Italian assets tumbled after populist leaders Matteo Salvini and Luigi Di Maio defeated their mainstream cabinet rivals to set a budget deficit target that threatens the country’s financial stability.
The European Union’s economy chief said Italy is taking a risky bet on fiscal stimulus considering the scale of its debts, after the two deputy premiers defeated Finance Minister Giovanni Tria in their first battle to set next year’s budget-deficit target at 2.4 per cent of output. A 2 per cent threshold had emerged as a litmus test for financial markets worried about a destabilizing spending spree.
Ten-year yields rose as much as 37 basis points to 3.26 per cent, the biggest increase since a rout in May during the government’s formation. The yield spread over Germany reached a three-week high.
Trading in several Italian banks was temporarily halted as lenders including UniCredit and Intesa led the country’s benchmark stock index to its biggest decline in two years.
“Italy, which has debt at 132 per cent, chooses expansion and stimulus," Pierre Moscovici, EU Economic Affairs Commissioner, said in an interview with BFM television. It’s “a budget that looks like jaywalking, and out of line with our rules,” he added.
Di Maio swiftly brushed away Moscovici, telling reporters at a Rome event that “the concerns are legitimate but the government has committed itself to maintaining the deficit-GDP at 2.4 per cent and we want to repay the debt.” Salvini was similarly confident. “Markets will come to terms with the budget,” he said in a Facebook video.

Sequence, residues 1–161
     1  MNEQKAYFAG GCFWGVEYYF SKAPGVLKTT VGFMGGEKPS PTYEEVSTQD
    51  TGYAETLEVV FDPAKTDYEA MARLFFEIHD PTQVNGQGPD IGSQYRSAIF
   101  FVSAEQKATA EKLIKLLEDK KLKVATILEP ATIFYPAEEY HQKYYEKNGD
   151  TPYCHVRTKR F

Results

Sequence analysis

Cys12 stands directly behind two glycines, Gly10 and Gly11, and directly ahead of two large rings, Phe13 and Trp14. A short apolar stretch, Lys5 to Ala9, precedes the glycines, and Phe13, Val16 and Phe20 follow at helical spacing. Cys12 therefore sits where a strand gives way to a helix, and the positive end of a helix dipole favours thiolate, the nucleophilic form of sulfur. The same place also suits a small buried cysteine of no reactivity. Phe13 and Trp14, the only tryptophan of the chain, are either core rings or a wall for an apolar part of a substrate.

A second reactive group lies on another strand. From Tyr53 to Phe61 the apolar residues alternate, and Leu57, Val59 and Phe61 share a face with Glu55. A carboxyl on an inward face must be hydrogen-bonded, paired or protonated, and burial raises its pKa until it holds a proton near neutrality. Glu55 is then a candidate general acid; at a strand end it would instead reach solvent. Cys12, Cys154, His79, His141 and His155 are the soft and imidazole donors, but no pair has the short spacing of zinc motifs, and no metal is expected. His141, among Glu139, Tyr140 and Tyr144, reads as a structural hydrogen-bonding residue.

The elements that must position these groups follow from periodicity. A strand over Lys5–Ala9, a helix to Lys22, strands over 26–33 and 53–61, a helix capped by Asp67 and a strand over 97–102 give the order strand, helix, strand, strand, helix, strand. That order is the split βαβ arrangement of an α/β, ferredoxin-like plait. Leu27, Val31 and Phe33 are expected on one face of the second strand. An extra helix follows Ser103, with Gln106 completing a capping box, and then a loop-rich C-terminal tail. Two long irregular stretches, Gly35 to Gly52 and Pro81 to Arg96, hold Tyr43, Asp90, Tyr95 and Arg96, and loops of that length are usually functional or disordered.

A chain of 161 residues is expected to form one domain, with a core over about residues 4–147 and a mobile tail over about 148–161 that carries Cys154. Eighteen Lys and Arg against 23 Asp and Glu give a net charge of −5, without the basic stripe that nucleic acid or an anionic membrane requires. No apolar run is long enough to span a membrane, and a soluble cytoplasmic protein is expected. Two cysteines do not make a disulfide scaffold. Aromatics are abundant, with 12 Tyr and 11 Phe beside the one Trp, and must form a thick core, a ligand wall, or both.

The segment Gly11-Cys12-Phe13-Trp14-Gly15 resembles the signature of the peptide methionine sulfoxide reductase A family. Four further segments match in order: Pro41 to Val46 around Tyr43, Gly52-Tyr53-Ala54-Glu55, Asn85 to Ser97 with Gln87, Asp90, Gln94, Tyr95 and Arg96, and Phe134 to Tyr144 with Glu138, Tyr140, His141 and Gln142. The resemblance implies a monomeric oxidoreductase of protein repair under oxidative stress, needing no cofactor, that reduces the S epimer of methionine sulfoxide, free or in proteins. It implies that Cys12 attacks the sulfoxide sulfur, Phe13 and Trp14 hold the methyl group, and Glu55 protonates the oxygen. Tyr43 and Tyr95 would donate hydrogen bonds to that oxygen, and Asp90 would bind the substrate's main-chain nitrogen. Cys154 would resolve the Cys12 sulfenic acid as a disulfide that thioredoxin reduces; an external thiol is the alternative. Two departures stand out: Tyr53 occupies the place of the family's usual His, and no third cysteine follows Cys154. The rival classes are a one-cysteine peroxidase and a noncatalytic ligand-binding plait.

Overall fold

“We have no interest in a crisis between the Commission and Italy," Moscovici said. "But it’s also not in our interest for Italy to not respect the rules and not reduce its public debt, which remains explosive.”
Italy has to submit its 2019 budget for approval to the Commission by Oct. 15. Brussels has the power to impose fines of up to 0.2 per cent of GDP on countries that persistently break the bloc’s fiscal rules. However, when push came to shove in 2016, the Commission opted to not penalize Spain and Portugal -- the culprits at the time -- and instead imposed symbolic zero sanctions.
The decision was seen at the time as an effort by the EU’s executive arm to not alienate its members amid rising populism and discontent with austerity. But for many EU officials, it tarnished the credibility of the bloc’s fiscal rules.
Ahead of European Parliament elections in May, Five Star and the League want to deliver on expensive campaign promises to shore up support.
The 2019 target is a setback for Tria and President Sergio Mattarella. They had sought to moderate the more extreme instincts of the government, formed in June by Di Maio’s anti-establishment Five Star Movement and Salvini’s anti-migrant League.
The finance chief said he’ll stay in his job because he has a responsibility to help maintain stability, La Repubblica newspaper reported. Mattarella had urged him not to quit, newspaper Sole-24 Ore said.